- Brown rice
- Cooked or dried fruits: cherries, cranberries, pears, prunes (but not citrus fruits, bananas, peaches, or tomatoes)
- Cooked green, yellow, and orange vegetables: artichokes, asparagus, broccoli, chard, collards, lettuce, spinach, string beans, summer or winter squash, sweet potatoes, tapioca, and taro (poi)
- Water: plain water or carbonated forms, such as Perrier, are fine. Other beverages—even herbal teas—can be triggers.
- Condiments: modest amounts of salt, maple syrup, and vanilla extract are usually well-tolerated.
After four weeks, if your symptoms have improved or disappeared, the next step is to nail down which one or more of the trigger foods caused your problem. Simply reintroduce the foods you have eliminated back into your diet one at a time, every two days.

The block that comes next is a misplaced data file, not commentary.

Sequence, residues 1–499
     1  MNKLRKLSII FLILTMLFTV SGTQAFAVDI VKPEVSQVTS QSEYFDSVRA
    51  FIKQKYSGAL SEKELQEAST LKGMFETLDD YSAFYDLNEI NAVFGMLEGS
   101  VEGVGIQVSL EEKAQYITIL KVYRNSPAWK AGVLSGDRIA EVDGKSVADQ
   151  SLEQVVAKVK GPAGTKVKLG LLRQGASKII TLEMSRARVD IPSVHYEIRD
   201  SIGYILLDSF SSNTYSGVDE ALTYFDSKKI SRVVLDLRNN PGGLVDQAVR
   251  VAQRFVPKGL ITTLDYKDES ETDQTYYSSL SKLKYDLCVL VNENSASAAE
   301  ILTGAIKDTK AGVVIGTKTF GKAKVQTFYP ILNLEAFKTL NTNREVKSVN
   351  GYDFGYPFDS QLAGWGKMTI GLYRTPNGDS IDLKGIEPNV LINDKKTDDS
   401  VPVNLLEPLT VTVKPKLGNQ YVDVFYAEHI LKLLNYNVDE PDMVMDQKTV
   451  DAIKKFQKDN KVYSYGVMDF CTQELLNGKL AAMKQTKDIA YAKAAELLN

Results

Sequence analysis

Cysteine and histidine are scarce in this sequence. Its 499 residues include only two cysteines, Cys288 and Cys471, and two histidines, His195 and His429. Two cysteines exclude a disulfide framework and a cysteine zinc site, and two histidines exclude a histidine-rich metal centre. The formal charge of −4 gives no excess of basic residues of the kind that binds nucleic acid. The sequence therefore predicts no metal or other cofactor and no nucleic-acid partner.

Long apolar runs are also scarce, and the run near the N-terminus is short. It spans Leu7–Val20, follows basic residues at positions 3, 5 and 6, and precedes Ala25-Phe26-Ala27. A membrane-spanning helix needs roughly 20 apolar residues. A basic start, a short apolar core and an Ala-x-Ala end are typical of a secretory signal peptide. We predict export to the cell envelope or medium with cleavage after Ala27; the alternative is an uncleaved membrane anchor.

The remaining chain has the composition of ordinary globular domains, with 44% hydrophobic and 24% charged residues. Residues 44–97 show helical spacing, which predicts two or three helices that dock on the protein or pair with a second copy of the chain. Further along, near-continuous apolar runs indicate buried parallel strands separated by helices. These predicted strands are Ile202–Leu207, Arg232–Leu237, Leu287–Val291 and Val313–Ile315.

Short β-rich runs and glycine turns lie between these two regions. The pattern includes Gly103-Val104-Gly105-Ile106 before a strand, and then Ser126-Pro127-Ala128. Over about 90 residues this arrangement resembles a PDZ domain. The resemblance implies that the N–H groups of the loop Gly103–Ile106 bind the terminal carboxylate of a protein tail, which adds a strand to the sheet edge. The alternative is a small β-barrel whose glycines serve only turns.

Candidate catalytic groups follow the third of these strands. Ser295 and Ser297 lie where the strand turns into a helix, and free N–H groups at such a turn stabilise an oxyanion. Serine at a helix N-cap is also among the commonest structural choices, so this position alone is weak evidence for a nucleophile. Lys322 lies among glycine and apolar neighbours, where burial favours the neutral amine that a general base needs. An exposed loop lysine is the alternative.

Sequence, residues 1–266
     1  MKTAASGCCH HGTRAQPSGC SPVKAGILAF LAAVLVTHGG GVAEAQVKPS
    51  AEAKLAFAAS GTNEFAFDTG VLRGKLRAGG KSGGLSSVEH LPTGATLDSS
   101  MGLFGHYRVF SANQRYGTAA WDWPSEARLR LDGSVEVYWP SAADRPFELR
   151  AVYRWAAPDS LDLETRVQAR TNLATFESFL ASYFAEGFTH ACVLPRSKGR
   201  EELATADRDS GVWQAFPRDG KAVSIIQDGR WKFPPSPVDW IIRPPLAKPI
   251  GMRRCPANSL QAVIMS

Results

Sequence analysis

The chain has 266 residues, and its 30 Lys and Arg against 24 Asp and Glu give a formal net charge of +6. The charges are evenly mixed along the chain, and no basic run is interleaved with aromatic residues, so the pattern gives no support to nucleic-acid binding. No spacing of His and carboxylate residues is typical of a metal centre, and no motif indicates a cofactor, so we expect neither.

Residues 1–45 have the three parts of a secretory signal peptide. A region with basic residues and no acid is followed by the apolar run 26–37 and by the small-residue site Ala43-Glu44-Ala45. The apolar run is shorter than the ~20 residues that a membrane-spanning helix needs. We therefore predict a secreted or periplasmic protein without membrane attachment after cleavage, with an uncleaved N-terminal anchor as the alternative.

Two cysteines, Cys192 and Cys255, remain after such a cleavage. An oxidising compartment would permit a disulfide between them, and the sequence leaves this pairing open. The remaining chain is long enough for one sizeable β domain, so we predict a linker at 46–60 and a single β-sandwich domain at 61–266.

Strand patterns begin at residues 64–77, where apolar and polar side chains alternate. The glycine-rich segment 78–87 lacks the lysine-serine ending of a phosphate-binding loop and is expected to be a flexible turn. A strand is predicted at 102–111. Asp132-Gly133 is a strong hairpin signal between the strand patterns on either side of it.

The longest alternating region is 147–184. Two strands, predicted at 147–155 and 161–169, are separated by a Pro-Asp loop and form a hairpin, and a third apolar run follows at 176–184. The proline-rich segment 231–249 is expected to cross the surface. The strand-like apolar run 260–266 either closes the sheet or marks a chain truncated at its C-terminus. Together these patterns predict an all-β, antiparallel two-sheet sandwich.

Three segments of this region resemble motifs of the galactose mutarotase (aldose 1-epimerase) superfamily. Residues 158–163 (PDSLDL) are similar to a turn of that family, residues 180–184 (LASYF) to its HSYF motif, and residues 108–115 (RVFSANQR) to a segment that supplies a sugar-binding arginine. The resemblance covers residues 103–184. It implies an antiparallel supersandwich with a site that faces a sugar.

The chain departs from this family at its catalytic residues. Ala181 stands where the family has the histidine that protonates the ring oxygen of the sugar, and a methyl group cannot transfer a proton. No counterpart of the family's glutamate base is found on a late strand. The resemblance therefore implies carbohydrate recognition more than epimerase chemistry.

Have a generous amount of each newly reintroduced food, and note if your joints flare up again. If so, eliminate the food that seems to have caused the problem, and let your joints cool down again. Then continue to reintroduce the other foods. Wait at least two weeks before trying a problem food a second time. Many people have more than one food trigger.
It is not recommended to bring meats, dairy products, or eggs back into your diet, as many cite these foods as major triggers. Other research shows links between meat, dairy, and eggs and hormone imbalances that may contribute to joint pain and other health problems.
Avoid Major Arthritis Triggers (table format)
- Dairy products*
- Wheat, oats, barley, rye
- Citrus fruits